Being able to send qubits from one quantum processor to another allows them to form a quantum computing cluster. These quantum processors can together build an entangled qantum sytem. In this way several less powerful quantum processors are allowed to jointly perform more powerful tasks that are not possible with present-day technologies. This is often referred to as networked quantum computing, or distributed quantum computing, which may provide exceptional savings in communication complexity, compared with classical distributed computation (see, e.g., (Raz, 1999; Regev and Klartag, 2011) and the references therein). Therefore, networked quantum computing offers a path towards scalability for quantum computers, since more and more quantum processors can naturally be added to the network.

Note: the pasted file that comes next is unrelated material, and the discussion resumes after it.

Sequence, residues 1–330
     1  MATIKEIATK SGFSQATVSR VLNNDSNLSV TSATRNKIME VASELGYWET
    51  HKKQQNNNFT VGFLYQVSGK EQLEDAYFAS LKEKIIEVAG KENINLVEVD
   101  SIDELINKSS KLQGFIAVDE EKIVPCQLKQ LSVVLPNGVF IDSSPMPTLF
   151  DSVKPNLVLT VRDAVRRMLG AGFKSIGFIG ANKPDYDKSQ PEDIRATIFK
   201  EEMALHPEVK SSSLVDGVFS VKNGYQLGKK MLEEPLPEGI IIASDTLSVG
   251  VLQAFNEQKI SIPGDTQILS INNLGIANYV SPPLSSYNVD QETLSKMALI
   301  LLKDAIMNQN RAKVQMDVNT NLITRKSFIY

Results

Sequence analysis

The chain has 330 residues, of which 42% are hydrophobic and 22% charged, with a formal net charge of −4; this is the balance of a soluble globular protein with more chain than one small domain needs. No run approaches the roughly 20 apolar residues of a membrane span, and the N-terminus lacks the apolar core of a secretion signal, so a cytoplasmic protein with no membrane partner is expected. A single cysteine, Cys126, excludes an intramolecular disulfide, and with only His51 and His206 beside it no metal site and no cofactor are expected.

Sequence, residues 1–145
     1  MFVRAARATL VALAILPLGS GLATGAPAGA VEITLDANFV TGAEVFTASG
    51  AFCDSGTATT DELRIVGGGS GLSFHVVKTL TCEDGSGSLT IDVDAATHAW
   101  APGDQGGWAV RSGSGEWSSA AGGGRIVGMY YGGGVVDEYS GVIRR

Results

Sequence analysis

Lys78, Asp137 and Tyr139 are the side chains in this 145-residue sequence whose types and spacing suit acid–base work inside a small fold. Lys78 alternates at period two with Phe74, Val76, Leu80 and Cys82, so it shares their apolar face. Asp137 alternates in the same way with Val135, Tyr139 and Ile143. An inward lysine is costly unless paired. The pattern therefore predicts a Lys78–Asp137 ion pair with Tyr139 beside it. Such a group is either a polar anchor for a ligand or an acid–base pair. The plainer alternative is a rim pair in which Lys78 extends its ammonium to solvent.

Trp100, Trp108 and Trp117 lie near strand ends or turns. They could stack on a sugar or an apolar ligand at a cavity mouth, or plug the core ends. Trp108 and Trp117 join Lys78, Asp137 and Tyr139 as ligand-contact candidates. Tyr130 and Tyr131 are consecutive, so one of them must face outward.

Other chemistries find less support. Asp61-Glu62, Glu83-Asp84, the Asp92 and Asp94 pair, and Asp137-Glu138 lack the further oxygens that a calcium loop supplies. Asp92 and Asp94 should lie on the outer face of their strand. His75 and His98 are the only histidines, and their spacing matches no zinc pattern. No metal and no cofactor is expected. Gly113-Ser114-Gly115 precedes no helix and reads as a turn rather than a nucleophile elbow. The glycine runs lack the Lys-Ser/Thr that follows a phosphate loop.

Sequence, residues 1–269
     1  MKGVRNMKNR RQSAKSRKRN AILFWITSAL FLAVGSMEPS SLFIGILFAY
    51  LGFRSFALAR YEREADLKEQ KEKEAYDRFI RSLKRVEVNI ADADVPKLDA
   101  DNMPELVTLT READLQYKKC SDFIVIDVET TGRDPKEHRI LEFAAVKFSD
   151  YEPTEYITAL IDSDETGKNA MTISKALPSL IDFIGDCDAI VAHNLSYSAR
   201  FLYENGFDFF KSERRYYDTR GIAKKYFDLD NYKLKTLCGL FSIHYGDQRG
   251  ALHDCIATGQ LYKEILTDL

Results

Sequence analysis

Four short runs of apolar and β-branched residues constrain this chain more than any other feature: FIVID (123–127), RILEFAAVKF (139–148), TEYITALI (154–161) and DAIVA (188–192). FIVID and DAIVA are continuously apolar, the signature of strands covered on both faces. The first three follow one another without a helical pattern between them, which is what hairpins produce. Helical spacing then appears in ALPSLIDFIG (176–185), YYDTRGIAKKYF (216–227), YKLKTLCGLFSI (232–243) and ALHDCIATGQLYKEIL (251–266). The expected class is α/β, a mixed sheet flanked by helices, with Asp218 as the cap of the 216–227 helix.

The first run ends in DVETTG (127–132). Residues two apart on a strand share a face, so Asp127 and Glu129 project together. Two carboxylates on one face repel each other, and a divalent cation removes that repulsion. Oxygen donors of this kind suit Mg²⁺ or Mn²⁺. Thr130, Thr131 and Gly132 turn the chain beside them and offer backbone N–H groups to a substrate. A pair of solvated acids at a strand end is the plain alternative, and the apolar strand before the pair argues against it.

With several quantum networks joined together, the quantum internet would play an indubitable role in the development of the second quantum revolution. Besides the potential of exploring the computational power of quantum mechanics, the quantum internet could help to build ultra-sharp telescopes (Gottesman et al., 2012), remote quantum computers and secure cloud quantum computing (Broadbent et al., 2009; Mahadev, 2018; Brakerski et al., 2018). Immediately, the quantum internet would provide unparalleled capabilities that are provably impossible by only classical computation. For example, in 1984, Bennett and Brassard introduced the first and the most famous application of quantum internet, quantum key distribution (QKD) (Bennett and Brassard, 1984; Bennett et al., 1992), which enables two remote end nodes to establish provably-secure random keys. To implement quantum key distribution, it is sufficient for the quantum processors to be capable of preparing and measuring only a single qubit at a time. Many research teams have succeeded in building and operating quantum cryptographic devices since last century. In (Elliott et al., 2003), the world’s first network, the DARPA Quantum Network, was built, which delivers end to end network security via high-speed QKD by BBN, Harvard, and Boston University. Building the 1,200-mile quantum communication landline between Beijing and Shanghai in 2016 and the quantum communication satellite (known as Micius) in 2017, China has the world’s first space-ground quantum network (Yin et al., 2017).